Univention-s4-connector

Hello, I encountered a problem with s4-connector. It is the synchronization problem of ucs/openldap to samba4. The result returned by univention-s4connector-list-rejected command is as follows. What does the FileName field mean? Is there any related documentation or link? And “Domain Users” is a group:
6eb3732729a43b7ee3b5ebe56941ee1

I have see the link you posted. what confused me is that the command “univention-s4connector-list-rejected” list the DN ever,and now show the path of the Filename.I don’t know the content of the file and how to deal with that

It’s a bit opaque and not well documented. But I’m glad the linked help article exists.

The output shows you which side of the connection between UCS LDAP (slapd) and Samba 4 Active Directory rejected an attempt to sync an object. In your case, the UCS LDAP side rejected several entries as they are in the UCS section under the heading “UCS”. For each object, the output shows you the distinguished names on each side. The filename refers to the LDIF (I guess) file with the necessary data to sync between the two sides.

I neither work for Univention nor have I analyzed the source code of the connector or the list-rejected command so take my words with a grain of salt. The connector compares when two objects have last been changed to when they have last been synced. If the last sync was before the last change it generates an LDIF file (a representation of lightweight directory data and actions) to sync those changes to the side which is outdated. As this can happen on either side you always have a source and a destination – destinations are what you see as sections above. The rejects are rejects by the destination. Your LDIF is supposed to be applied to the destination.

In your case, the objects exist on both sides but this isn’t always true. That’s why there are two DNs for each object: one for UCS’s slapd and the other for Samba 4’s Active Directory. These two DNs should help you compare those objects. You can either use the commands described in the article or use an LDAP browser like Apache Directory Studio. I’d suggest using the shell commands for comparison and ADS to edit the entries accordingly.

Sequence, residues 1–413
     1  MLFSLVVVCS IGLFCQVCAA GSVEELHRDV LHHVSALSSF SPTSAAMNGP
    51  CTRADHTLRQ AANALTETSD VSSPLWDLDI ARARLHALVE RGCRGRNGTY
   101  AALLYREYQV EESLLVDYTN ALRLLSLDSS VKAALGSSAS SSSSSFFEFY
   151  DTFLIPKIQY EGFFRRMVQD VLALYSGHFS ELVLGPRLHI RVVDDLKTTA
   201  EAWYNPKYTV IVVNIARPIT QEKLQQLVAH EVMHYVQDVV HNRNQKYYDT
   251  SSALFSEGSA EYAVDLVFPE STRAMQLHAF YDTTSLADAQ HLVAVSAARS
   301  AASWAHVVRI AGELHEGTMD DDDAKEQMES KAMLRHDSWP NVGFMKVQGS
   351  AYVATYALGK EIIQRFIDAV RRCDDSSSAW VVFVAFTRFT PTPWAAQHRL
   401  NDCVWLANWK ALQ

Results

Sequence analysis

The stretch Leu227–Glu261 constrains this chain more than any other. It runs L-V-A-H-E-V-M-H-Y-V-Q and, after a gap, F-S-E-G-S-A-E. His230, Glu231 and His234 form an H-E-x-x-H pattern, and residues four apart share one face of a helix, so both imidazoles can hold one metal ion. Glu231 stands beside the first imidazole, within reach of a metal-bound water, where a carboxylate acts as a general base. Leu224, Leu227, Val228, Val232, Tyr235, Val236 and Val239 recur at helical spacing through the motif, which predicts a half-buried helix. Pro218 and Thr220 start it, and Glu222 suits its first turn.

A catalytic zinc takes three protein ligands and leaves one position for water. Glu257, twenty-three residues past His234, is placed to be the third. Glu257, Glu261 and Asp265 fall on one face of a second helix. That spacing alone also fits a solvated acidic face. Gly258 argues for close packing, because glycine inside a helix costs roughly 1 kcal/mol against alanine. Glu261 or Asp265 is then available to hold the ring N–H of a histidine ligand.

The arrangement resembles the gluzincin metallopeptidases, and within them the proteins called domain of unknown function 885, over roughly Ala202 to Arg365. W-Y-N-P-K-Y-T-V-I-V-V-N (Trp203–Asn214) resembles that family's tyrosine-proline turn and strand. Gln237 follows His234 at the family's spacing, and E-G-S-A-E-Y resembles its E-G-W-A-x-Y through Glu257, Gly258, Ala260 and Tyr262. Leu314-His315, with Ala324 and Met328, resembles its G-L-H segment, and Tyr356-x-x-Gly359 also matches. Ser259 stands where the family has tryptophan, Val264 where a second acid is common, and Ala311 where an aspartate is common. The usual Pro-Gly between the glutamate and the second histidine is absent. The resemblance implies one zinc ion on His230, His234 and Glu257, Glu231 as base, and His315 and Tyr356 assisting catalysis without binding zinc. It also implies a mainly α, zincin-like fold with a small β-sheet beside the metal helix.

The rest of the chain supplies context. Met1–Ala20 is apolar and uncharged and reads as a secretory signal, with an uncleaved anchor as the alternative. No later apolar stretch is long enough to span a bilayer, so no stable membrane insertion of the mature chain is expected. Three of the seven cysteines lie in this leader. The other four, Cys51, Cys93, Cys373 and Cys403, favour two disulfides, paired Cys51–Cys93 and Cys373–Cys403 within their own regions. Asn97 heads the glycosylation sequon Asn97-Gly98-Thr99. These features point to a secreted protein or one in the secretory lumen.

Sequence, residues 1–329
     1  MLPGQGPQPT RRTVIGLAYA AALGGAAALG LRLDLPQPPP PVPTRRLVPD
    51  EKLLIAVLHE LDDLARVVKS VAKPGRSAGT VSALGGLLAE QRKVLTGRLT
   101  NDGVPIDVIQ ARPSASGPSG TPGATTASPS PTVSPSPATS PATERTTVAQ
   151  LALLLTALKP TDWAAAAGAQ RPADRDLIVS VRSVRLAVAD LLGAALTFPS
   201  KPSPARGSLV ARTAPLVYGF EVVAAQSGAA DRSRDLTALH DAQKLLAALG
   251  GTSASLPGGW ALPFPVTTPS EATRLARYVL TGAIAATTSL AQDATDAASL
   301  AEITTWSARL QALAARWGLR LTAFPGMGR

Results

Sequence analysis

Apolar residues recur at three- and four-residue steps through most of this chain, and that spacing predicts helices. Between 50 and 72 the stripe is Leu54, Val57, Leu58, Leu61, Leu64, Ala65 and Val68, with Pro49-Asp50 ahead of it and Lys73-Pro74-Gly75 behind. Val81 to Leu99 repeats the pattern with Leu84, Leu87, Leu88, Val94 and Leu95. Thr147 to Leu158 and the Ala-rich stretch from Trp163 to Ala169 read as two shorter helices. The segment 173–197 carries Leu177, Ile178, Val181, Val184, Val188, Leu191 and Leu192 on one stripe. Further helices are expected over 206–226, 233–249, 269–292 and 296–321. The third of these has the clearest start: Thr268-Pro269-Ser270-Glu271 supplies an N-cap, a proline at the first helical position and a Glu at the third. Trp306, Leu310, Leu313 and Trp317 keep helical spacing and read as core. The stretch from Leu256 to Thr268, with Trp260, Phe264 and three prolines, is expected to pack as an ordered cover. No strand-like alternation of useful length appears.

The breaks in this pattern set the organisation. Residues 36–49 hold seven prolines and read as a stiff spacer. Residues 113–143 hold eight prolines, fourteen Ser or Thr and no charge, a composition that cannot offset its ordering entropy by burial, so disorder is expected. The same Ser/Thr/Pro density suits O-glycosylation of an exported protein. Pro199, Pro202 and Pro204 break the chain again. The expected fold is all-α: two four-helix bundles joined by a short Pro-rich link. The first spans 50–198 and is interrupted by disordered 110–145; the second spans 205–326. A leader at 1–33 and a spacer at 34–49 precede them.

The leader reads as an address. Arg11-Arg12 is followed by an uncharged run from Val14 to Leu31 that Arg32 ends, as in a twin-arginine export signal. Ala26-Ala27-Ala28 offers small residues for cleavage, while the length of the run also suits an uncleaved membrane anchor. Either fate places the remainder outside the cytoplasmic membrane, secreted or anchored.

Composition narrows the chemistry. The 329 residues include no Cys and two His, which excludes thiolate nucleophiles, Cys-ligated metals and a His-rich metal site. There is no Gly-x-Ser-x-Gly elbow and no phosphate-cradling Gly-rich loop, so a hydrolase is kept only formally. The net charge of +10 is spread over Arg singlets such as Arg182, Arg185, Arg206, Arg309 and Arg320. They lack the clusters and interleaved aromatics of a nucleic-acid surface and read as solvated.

The linked article doesn’t help much in the matter of resolving sync conflicts. Most the time I get by by just looking at both entries and deciding to keep one of them. Then I force a resync (as mentioned in the article) originating from the side I want to keep.

image
this is content of the file.I don’t know what kind of format of the file.In your opinion,Can I understand this file is a set of list objects which have been rejected by S4. In my domain,I have about 80000 entries.I don’t think it’s a good way to looking at these objects in two sides and diff them. Does that means I must choose one side (such as Samba4) as Guidelines of these entries ,and then resync them form the side(Guidenlines) to the other one.

Okay, that’s not LDIF but a serialized representation of a … whatever. A Python dict or something like that. I wouldn’t care too much about these files. The important question is which side you want to prioritize and then force a resync from there.

FWIW I don’t think neither LDIF nor this serialized format are good ways to look at this data. That’s why I recommend Apache Directory Studio. But unfortunately it has its limits when it comes to low-level data of the LDAP objects.

OK,I’ll try to resync from S4 to UCS,because in my domain. the modify of data always used RAST,not the UMC.I think S4 is a better choice.